Although Darwin’s perspective was being redefined by new discoveries in genetics in the 1960s and 1970s, geologically-trained paleontologists were discovering repeated patterns in the history of life, supporting the validity of Dobzhansky’s and Mayr’s insights of the previous decade. For example, Eldredge4 and Eldredge with Stephen J. Gould5 rediscovered the pattern of remarkable species stability (“stasis”) that was first discussed by paleontologists in Darwin’s time.
Towards a modern view Paleontologists now generally agree that stasis — where species may persist in recognizably the same form, with little or no accumulated change, for millions of years (5-10 million in marine species; somewhat shorter durations in the more volatile terrestrial environments) — is a common phenomenon. Nineteenth century evolutionists essentially ignored stasis, so contrary to the Darwinian perspective it did seem. But Eldredge and Gould, in their notion of “punctuated equilibria,” saw that stasis fits in well with the Dobzhansky-Mayr notion of speciation:
- species arise by a process of splitting
- this may happen relatively quickly (5-50,000 years, say) compared with the vastly longer periods of time in a species history
- it all occurs between a species’ origin via speciation and its eventual extinction.
But why such stability? What, in other words, causes stasis? Ecologists and evolutionary biologists have recently joined in the search for explanations of stasis. Currently, two general categories of explanation of the evolutionary phenomenon seem to be favored:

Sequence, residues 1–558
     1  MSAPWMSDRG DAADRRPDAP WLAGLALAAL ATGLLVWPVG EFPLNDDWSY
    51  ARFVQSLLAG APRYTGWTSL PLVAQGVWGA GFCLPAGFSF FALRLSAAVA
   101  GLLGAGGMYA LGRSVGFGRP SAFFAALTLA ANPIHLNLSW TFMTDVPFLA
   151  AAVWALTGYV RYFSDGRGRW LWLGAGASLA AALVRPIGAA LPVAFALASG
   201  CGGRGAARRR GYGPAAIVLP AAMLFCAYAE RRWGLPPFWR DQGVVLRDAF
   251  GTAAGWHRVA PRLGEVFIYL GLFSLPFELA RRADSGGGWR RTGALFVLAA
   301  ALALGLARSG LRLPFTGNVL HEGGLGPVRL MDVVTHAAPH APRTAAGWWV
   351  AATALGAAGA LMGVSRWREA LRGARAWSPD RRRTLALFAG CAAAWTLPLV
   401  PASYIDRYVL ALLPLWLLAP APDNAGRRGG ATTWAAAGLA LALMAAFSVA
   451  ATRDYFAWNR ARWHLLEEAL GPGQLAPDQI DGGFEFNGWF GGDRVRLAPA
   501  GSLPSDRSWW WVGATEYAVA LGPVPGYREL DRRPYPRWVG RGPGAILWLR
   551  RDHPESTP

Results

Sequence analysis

Instead of prompting adaptive change through natural selection, environmental change instead causes organisms to seek familiar habitats to which they are already adapted. In other words, “habitat tracking,” rather than “adaptation tracking” is the most expected biological reaction to environmental change — which is now understood to be inevitable. For example:
During the past 1.65 million years, there have been four major, and many minor, episodes of global cooling resulting in the southward surge of huge fields of glacial ice in both North America and Eurasia.
Yet, despite this rhythmically cyclical pattern of profound climate change, extinction and evolution throughout the Pleistocene was surprisingly negligible.
Instead, ecosystems (e.g., tundra, boreal forest, mixed hardwood forest, etc.) migrated south in front of the advancing glaciers.
Though there was much disruption, most plant species (through their seed propagules) and animal species were able to migrate, find “recognizable” habitat, and survive pretty much unchanged throughout the Pleistocene Epoch.